The imminent fall of Myanmar’s brutal and kleptocratic military dictatorship has been proclaimed on numerous occasions over the past twenty years. The mass protests of 1988, which saw the emergence of Aung San Suu Kyi as the figurehead of the pro-reform forces, came just two years after the success of ‘people power’ in ousting the Marcos regime in the Philippines, and seemed at first destined for similar success; but within twelve months the movement had succumbed to splits and repression. Suu Kyi’s arrest in July 1989 came on the eve of the Hungarian border opening, prelude to the velvet revolutions of the ex-Soviet bloc; but ‘third wave’ democracy swept by, leaving Myanmar untouched. In 1996–98 when, after sustained lobbying by human-rights groups, the eu and us imposed formal economic sanctions on General Than Shwe’s regime, the move was hailed as another turning point: it was hoped that sustained international pressure might succeed where popular mobilization had failed, with South Africa considered a template for forcing reform in Myanmar. But by then, the junta was reaping massive profits from teak, jade and ruby deals with its neighbours, and shrugged the sanctions off. Well-funded attempts by George Soros, the National Endowment for Democracy and others to build an opposition movement among Burmese exiles produced scant internal effects. The dictatorship survived one well-documented human-rights report after another, as well as denunciations by world leaders, Nobel laureates and Hollywood celebrities.footnote1

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In September 2007 the exhilaration of the ‘march of the monks’ and the mass protests once again seemed to herald the beginning of the end. Now it was the power of the new media that was hailed, as bloggers, students and relatives of the Burmese diaspora flooded the internet with cellphone images and optimistic predictions, amplified by the foreign press corps. Within a week, however, the government crackdown had dispersed the protests, while cellphone democracy fell prey to network jamming. Eight months later, on 2 May 2008, Cyclone Nargis swept through the Irrawaddy Delta killing as many as 200,000 people, most of whom were very poor farmers, fishermen and labourers living in thatch or bamboo huts that provided no protection. Once again there were activist and media pronouncements that the junta would never survive the blow. With two supply-laden us warships patrolling its coast and 24/7 international media coverage of the desperate plight of the cyclone victims, there were high hopes that Myanmar’s military could no longer refuse entry to Western relief workers, whose presence was now judged essential if the regime were ever to change. un Secretary-General Ban Ki-moon travelled to Myanmar on May 22 and won visas for dozens of foreign relief experts in exchange for millions of dollars of emergency aid.footnote2 The catastrophe did permit some of the international ngos to scale up their operations, although government checkpoints continued to act as chokepoints for aid, and the junta continued undaunted.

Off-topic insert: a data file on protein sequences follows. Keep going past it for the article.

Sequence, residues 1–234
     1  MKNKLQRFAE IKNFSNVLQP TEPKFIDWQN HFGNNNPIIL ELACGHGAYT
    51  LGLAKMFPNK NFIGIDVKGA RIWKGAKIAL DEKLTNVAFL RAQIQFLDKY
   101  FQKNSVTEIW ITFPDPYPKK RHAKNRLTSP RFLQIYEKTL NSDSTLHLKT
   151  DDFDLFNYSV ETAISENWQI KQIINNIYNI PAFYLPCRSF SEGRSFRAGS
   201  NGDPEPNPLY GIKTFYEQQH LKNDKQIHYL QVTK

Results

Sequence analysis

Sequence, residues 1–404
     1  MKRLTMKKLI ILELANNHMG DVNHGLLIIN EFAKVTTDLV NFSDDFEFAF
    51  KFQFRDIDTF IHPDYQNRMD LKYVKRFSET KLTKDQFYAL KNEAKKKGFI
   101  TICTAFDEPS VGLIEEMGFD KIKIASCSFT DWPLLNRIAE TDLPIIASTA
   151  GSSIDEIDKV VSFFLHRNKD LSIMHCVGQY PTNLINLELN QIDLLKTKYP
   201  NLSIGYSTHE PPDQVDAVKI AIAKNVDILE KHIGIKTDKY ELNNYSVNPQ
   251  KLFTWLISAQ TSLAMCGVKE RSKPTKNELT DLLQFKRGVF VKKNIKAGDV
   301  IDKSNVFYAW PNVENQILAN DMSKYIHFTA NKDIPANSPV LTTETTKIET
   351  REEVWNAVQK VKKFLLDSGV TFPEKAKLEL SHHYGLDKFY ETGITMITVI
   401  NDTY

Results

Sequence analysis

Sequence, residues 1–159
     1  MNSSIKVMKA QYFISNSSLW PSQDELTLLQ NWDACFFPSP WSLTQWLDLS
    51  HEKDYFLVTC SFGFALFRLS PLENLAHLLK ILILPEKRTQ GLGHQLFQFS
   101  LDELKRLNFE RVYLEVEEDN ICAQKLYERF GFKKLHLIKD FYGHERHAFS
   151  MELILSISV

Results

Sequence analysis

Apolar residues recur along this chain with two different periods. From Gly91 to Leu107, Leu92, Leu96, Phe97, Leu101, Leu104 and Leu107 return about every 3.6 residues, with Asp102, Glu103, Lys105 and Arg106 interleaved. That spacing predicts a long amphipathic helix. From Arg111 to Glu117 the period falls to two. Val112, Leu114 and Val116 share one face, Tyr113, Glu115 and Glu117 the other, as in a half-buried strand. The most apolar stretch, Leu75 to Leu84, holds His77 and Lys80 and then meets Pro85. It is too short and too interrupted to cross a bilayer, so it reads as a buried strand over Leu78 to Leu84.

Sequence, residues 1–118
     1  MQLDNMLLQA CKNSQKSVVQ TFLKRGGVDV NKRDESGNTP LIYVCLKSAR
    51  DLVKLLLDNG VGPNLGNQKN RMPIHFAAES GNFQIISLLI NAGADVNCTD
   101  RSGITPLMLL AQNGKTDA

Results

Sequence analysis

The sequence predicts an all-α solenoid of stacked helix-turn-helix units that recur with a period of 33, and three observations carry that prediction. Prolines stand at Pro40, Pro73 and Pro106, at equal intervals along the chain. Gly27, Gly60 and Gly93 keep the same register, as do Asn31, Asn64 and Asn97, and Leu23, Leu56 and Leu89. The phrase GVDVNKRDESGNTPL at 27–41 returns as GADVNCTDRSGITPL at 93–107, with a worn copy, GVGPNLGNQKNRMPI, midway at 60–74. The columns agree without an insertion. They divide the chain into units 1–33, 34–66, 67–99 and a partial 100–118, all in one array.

For the international media and many of Aung San Suu Kyi’s supporters in the West, the reason for the Burmese regime’s staying power is quite simple: repression. Thus the September 2007 crackdown on the ‘march of the monks’ was portrayed as turning Myanmar’s major cities into ‘vast killing fields’.footnote3 In fact, most of the brutality was centred on Rangoon and the death toll was around 30 or 40, as compared to media estimates of hundreds, or even thousands. That is not to suggest that the repression was insignificant: some of the leading activists were sentenced to 65 years in prison, although it is hoped they will not serve that long; and the government’s Swan Arr Shin militia—the name means ‘masters of strength’—are well-trained thugs, who operate with impunity alongside uniformed riot-control army and police units. But repression alone cannot explain the regime’s persistence. Far more murderous dictatorships—Suharto in Indonesia, Marcos in the Philippines—have been overthrown, as well as far better-policed ones, in Czechoslovakia, Hungary, Poland, the gdr. The Myanmar government has little to compare with the coercive apparatuses of these, yet it has outlived them all. A more satisfactory explanation of its resilience may be gained by examining the origins of the regime, in the anti-colonial movement against British rule and Japan’s war-time occupation of Southeast Asia, and its relation to Burma’s multi-ethnic, mainly Buddhist society. This in turn requires an examination of the pre-colonial social structures on which British rule was definitively imposed in 1886, and of the peculiarities of British Burma’s treatment within the Empire. For it was during the colonial period that the foundations were laid for the centralized yet highly differentiated spatial logic of power, in equal parts repressive and divisive, that continues to define the Burmese polity today.